Intimate pictures that present a uncommon window into the lives of polar bears, birds and bugs have earned a number of Canadians recognition on this yr’s Wildlife Photographer of the Year Awards.
The winners of the 2021 version of the annual competitors, developed by the Natural History Museum in London have been introduced Tuesday night. This yr’s competitors drew 50,000 entries from 95 international locations.
The grand prize winner was “Creation” by French underwater photographer and biologist Laurent Ballesta. It options camouflage groupers leaving their annual mating frenzy beneath a full moon in a lagoon in Fakarava, French Polynesia.
Intimate moments with animals
Several Canadians gained awards in numerous classes.
Martin Gregus of Vancouver, B.C., gained the Rising Star Portfolio Award, for pictures of polar bears having fun with the summer season in Hudson Bay, together with a mom napping with a cub who’s lacking a leg and two grownup females enjoying collectively in the shallow water.
“These bears really did share with us many intimate moments and they shared their story with us,” he stated. “In doing so, they allowed us to sort of share it with the world.
Gregus and his team of two others were invited by a tourism company to scout out a new area near Churchill, Man., during the tourism lull caused by the pandemic in 2020. “It was an incredible alternative,” he recalled.
He said that while people are used to seeing polar bears in the snow or starving bears in the summer, he wanted to show the resilience of a population that has adapted to this region and climate by hunting prey such as terns and marmots and eating flowers instead of just hunting seals.
“I would like them to see the resilience of the polar bear … given the alternative and given our safety of their panorama.”
‘Step outside and look’
Gil Wizen of Mississauga, Ont., received recognition for four photos.
“Spinning the cradle,” captured along the Credit River near his home, won the Behaviour: Invertebrates category. It features a mother fishing spider weaving its egg sac.
“The spider room” won the Urban Wildlife category. It features a larger-than-life portrait of a female Brazilian wandering spider, one of the world’s most venomous, that he found under his bed while working as an entomologist in Ecuador.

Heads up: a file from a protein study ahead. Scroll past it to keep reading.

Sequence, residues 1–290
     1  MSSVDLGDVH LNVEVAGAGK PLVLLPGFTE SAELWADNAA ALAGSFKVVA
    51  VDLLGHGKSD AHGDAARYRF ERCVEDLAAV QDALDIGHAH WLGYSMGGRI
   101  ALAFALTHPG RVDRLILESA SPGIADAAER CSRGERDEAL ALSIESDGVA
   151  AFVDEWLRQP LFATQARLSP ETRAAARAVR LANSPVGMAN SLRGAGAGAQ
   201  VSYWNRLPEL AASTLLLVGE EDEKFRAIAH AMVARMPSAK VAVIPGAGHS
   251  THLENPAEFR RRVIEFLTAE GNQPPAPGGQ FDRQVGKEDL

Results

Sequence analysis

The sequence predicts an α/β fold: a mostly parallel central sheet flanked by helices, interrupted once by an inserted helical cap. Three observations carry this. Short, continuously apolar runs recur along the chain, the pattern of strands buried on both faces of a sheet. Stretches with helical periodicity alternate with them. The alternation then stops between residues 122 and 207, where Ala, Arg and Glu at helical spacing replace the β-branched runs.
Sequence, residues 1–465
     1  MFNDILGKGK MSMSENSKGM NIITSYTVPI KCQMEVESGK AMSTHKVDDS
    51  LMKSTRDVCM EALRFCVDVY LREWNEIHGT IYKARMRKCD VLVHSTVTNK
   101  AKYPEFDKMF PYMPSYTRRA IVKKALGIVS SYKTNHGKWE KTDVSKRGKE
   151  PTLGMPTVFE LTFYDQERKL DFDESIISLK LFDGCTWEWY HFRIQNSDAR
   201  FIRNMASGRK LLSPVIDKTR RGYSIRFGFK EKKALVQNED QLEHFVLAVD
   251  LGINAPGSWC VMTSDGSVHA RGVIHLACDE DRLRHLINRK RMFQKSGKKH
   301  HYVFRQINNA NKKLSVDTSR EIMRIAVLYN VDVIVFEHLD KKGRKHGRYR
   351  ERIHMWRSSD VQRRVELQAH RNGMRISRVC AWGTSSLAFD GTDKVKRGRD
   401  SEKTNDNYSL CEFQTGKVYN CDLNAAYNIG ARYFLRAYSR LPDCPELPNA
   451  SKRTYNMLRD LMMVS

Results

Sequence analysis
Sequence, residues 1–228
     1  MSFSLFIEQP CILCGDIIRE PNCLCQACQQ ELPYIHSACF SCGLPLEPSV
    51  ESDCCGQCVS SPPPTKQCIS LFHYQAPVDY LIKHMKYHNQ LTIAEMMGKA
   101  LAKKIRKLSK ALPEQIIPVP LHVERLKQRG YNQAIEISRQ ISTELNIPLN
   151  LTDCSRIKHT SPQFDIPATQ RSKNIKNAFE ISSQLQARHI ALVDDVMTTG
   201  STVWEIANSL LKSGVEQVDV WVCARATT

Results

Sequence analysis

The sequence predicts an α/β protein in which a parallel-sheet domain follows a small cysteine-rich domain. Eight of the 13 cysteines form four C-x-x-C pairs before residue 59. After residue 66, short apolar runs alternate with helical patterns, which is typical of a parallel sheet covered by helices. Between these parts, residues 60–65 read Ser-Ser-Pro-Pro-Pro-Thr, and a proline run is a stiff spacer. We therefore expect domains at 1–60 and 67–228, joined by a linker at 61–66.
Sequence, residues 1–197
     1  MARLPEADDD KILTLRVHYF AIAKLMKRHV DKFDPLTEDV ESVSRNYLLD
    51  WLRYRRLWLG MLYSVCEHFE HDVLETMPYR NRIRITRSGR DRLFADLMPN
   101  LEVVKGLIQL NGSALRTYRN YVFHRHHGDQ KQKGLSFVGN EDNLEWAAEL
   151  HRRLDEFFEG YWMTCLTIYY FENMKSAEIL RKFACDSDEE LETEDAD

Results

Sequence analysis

Two more of his photos were highly commended in the Behaviour: Invertebrates category.
“Beautiful bloodsucker” featured an ornamented mosquito as it fed on his knuckle.
7:24How a Canadian photographer captured this stunning image of a dangerous mosquito
“Big filling station” captured a stink bug nymph sucking the blood out of a caterpillar.
Wizen said all the photos represented several hours of work, and some of them a certain amount of hazard. He found the mother Brazilian wandering spider on a trip in 2014 after he noticed baby spiders all over the room and searched for their nest. He decided to use a wide-angle lens to capture a corner under the bed to make it feel human-sized. The resulting photo went viral online.
He said his goal is to make people stop and think and to recognize the diversity of life around them, including small and overlooked animals in places like the Toronto area where he photographed the fishing spider.
“You do not should journey far,” he said. “You simply should step outdoors and look.”
Giving a voice to nature
Shane Kalyn of Vancouver, B.C., won the Behaviour: Birds category with an intimate portrait of two courting ravens.
He took the photo in early February in 2019 at Mount Seymour, a local ski resort he visits every year at that time to watch the ravens’ unique courtship behaviours. He said humans can get quite close to the birds because they’re so focused on each other.
In this photo, the amorous couple was taking turns inspecting around and inside each others’ beaks, something Kalyn had never seen before. He acknowledged the photo doesn’t capture the full experience.
“The better part … is the complete time they have been clearly speaking to one another in that raven language,” he said. “It was actually cool to see.”
He said his goal with photography is to show the beauty of nature. “It’s at a time the place we have to begin giving a voice.”
Celina Chien’s photo “Imprisoned” was highly commended in the Photojournalism category. It features an orangutan gripping the bars of its cage while standing upright with its head bowed at a zoo in Yunnan, China.
Chien, who was visiting the zoo on her day off while working on a conservation photography project in the region, saw the animal, a tree-dweller that almost never stands on the ground, as begging for freedom.
“I took the photograph mainly, as a result of what else might I presumably do? It’s the solely factor I might suppose of doing the place I knew that I might do one thing to assist — not solely him, but additionally all non-human animals in captivity,” said Chien, who currently lives in the U.K. She has Canadian citizenship from her Chinese-Canadian father, but has never lived in Canada.
Nichole Vijayan of Oakville, Ont., captured a highly commended photo in the 11-14 years youth category. “Bluebird morning” shows an eastern bluebird feeding its chick at sunrise near her home. Vijayan is the sister of one of last year’s winners, Hannah Vijayan, and daughter of wildlife photographer Thomas Vijayan
The complete exhibition can been seen at the Royal Ontario Museum in Toronto from Nov. 13, 2021 to April 18, 2022.